NASCAR driver Clint Bowyer is a Kansas City Chiefs fan, which leads him down an obvious road when assessing William Byron, who rose to the Monster Energy NASCAR Cup Series faster than anyone not named Jeff Gordon.
"Look at Patrick Mahomes," says Bowyer, referring to the Chiefs' quarterback who went from "Who Is He?" to "NFL MVP!" last season. "He comes in and sets the world on fire. But if you take (receivers) Tyreek Hill out and Travis Kelce and some of those guys that caught those balls for those amazing throws, you don't have the results that they had.
"You have to look at the opportunity that is in front of them, the team they are with."
Which is why many will be scrutinizing Byron's performance in Sunday's TicketGuardian 500 at ISM Raceway in Avondale.
He drives for the Rick Hendrick team, the Cup Series' most successful, with 12 championships. His Axalta Chevrolet is No. 24, the number Gordon took to iconic status. And now, after finishing a disappointing 23rd in points in his debut season, Byron has a new crew chief — Chad Knaus — widely credited as mastermind of Jimmie Johnson's record-tying seven Cup titles.
Expectations mean Byron being competitive isn't enough. As Bowyer said of Byron and Hendrick teammate Alex Bowman (of Tucson), "If they don't win pretty soon, they better be looking over their shoulder."
It's more than Byron being with Hendrick, in the 24, led by Knaus. It's how quickly he got there.
Byron didn't begin racing until six years ago, reaching NASCAR's premier series by age 20 — younger than four-time champion and Hall of Famer Gordon. He first show his talent at iRacing, the online simulation that is a training tool for many drivers.
Early success got Byron into NASCAR's Truck tour in 2016, where he was a seven win Rookie of the Year sensation. Hendrick signed him for Dale Earnhardt Jr.'s team in the 2017 Xfinity Series, which resulted in the championship, four wins (including Phoenix) and the top rookie award.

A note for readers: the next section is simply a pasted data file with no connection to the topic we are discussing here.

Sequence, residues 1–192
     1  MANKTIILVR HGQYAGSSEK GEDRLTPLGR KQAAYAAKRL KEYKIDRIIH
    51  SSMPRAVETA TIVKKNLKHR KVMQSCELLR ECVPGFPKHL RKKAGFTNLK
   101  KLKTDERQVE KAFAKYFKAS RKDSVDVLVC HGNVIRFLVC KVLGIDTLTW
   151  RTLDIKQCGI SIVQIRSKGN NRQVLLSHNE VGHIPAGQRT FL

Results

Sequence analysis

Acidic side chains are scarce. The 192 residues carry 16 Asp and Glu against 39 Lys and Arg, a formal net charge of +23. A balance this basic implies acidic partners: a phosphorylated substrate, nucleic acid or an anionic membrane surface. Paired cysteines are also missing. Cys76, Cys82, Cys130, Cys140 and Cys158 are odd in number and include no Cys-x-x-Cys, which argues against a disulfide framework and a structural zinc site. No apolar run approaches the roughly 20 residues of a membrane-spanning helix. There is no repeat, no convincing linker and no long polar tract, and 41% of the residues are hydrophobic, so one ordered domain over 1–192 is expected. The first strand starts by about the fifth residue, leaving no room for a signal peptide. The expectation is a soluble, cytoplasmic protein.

Byron's rocket to the top put him into the No. 24 last season, where he earned a third consecutive Rookie of the Year trophy.
When Hendrick decided to separate Johnson-Knaus after a winless and tension-filled 2018, he turned Byron over to Knaus, with instructions to run the team "his way."
"Everyone makes a big deal out of that but I don't think it's anything unexpected," said Byron, an online student at Liberty University, which also sponsors him. "Chad does a really nice job of keeping people working together, and putting them in the right spot, so he gets the most out of them."
Does he find the notoriously intense Knaus intimidating?
"No, I don't think so," Byron answered. "It's intimidating enough to be part of the Cup series. I respect him a lot, his opinion, and what he asks me to do."
Byron won his first pole position at February's Daytona 500, just as Knaus had tuned Johnson's car there in 2002 for their first pole. His best finish in three races is 16th, but Byron has already led 65 laps — four more than all of 2018.
"When Mr. H (Hendrick) asked me if I would be interested in doing this, I told him 'Absolutely,'" Knaus said. "I think William's a great little driver. He's got a lot of potential that hasn't been shown yet at the Cup level.
"To be a part of that, and build a team around him that's something he can grow with, I think is going to be a lot of fun. I really enjoy building a team and coaching people up and this is another way to do that."
Johnson, making his Phoenix debut in his striking new No. 48 Ally digital financial services colors, said Bowyer's comment "is probably fair."
"Last year we all knew he was the fastest, youngest driver ever to get into a Cup car, the shortest period of time," Johnson said. "In Year 2, expectations go up, for everyone ... William is young, but his approach to racing and to life is from a wise point of view. He's young on paper but much more mature than people might think.
"I know William wants to be under the gun and have expectations from the outside because he has them on himself. He's a fierce competitor and knows, in his heart, he needs to go out there and win."
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